Still there is much confusion about what harvested rainwater really is. Some US jurisdictions consider it reclaimed water and others refer to it as “graywater.” Actually it is neither. Definitions from the Universal Plumbing Code (UPC) are below.

According to Bob Boulware, P.E., President of Design-Aire Engineering, Inc, Board member and Chair of the committee for ARCSA that is driving these guidelines, the United Nations and countries around the globe are concerned that in the next 10 to 15 years, competition from the increase in the world’s population, along with increased pollution of existing water supplies, will put such a demand on the world’s available fresh water that instability of world governments may occur. This also means that a child starting school today, by the time he graduates from high school, will have trouble finding a clean glass of drinking water. By promoting and developing design and installation guidelines with others in the water industry now, we aim to provide at least a partial solution to this impending crisis. The knowledge and skill of how to find and manage clean water will be vital information for future generations to know in order to sustain the lifestyle we have today.

With the growth of rainwater harvesting there is a definite need for leadership and direction. Conflicting code and certifications will only hamper growth and adoption. The good news, as is visible below in the state-by-state listing; states, counties and cities are getting involved. The bad news lots of uncoordinated activities and directions. Hopefully ARCSA will bring some order to this area and thereby hasten growth in the industry.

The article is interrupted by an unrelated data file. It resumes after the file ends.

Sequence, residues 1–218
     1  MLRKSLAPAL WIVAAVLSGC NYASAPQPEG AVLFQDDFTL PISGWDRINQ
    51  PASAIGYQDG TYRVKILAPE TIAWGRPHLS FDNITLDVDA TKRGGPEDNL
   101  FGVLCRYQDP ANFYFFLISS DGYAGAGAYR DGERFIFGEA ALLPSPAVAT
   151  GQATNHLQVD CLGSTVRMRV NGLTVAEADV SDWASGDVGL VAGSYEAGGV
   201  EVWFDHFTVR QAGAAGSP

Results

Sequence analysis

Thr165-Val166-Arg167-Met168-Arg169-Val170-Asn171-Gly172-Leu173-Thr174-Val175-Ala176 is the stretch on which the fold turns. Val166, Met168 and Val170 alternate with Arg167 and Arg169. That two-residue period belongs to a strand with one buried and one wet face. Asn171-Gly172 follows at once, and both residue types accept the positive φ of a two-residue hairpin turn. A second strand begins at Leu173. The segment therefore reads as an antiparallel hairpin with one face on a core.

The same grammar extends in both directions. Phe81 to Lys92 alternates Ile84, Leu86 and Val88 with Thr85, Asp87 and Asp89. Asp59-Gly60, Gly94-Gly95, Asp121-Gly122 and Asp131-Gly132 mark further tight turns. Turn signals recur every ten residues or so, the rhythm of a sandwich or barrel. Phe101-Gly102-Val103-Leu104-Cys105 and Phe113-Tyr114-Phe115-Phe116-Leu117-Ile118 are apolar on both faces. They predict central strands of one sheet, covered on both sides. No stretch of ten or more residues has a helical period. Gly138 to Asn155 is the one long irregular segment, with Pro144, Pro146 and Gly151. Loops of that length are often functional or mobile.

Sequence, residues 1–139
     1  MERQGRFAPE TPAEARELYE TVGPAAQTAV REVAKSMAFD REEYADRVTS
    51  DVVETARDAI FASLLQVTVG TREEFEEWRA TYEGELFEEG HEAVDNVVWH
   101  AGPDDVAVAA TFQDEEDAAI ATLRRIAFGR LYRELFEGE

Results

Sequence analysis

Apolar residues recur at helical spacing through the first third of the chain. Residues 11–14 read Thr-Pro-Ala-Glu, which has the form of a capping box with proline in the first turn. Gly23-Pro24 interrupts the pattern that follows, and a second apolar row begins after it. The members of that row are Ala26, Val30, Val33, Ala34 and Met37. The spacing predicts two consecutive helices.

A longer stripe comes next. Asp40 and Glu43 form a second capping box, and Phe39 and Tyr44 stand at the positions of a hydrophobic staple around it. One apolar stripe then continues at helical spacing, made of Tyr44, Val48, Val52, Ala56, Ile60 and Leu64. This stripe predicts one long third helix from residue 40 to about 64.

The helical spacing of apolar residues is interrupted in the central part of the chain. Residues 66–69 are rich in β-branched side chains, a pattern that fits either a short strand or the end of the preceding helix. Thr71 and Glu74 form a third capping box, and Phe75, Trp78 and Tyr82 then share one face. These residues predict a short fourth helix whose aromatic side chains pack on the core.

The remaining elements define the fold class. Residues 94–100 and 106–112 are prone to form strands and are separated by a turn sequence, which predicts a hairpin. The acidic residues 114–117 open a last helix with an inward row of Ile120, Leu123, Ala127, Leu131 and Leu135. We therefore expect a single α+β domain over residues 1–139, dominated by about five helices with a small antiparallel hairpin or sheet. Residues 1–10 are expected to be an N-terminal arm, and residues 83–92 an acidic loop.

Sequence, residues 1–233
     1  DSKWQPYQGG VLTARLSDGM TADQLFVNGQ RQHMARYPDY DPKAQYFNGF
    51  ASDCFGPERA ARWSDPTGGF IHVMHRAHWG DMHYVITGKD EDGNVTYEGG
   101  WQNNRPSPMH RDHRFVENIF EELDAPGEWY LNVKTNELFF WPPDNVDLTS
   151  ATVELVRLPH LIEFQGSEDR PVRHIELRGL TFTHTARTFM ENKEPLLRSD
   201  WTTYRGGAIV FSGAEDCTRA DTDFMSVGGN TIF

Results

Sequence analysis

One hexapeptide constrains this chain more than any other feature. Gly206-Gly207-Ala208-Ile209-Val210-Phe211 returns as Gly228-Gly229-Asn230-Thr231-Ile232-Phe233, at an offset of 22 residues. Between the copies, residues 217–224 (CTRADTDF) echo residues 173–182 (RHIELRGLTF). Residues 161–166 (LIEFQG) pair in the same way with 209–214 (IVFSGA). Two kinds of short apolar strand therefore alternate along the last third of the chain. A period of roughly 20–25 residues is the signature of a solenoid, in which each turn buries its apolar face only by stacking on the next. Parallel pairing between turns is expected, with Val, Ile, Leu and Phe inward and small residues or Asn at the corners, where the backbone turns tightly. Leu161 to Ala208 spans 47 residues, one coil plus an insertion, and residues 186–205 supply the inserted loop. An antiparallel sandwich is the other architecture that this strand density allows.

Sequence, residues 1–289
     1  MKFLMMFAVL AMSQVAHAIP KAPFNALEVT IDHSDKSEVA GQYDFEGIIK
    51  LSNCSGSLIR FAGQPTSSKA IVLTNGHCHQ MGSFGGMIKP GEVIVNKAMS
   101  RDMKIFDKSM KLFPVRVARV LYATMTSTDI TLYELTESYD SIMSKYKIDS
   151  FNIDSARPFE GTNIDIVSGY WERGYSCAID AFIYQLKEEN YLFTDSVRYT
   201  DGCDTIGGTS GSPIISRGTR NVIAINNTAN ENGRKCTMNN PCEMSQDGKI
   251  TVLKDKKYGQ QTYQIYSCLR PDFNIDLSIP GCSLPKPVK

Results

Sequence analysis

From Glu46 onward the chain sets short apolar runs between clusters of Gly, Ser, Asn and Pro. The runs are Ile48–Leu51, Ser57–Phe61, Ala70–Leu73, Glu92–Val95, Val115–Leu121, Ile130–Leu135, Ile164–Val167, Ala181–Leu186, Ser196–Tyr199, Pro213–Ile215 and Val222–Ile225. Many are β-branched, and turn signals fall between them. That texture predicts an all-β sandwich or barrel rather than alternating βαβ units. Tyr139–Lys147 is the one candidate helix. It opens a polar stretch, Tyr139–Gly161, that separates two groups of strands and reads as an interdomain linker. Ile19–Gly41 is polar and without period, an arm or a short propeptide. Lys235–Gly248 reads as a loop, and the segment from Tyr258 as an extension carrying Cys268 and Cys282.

Black Water is toilet waste.

Graywater is untreated waste water that has not come in contact with toilet waste. Graywater includes used water from bathtubs, showers, lavatories and water from clothes washing machines. It does not include waste water from kitchen sinks or dishwashers.

Reclaimed Water is water which, as a result of tertiary treatment of domestic waste water by a public agency, is suitable for a controlled use. The controlled use can be the supply of reclaimed water to water closets, urinals and trap seal primers for floor drains and floor sinks. In areas under the jurisdiction of the UPC this system is usually called a “purple pipe” system because the reclaimed water is conveyed in pipe that is purple in color.

Harvested Rainwater is storm water that is conveyed from a building roof, stored in a cistern and disinfected and filtered before being used for toilet flushing. It can also be used for landscape irrigation.

Appendix J of the UPC deals with reclaimed water, but according to the above definition, rainwater harvesting is not reclaimed water. Plumbing officials that do not know how to classify rainwater harvesting systems consider it reclaimed water systems and therefore require plumbing engineers to design systems that conform to Appendix J of the UPC. This is due to the lack of guidance in the code. As rainwater catchment systems are becoming more prevalent in the United States, both the UPC and the IPC need a section dedicated to rainwater harvesting.

Below is a list of currently known regulations. If you find updated or new regulations, please send them to Doug at HarvestH2o.com so others will benefit from your findings.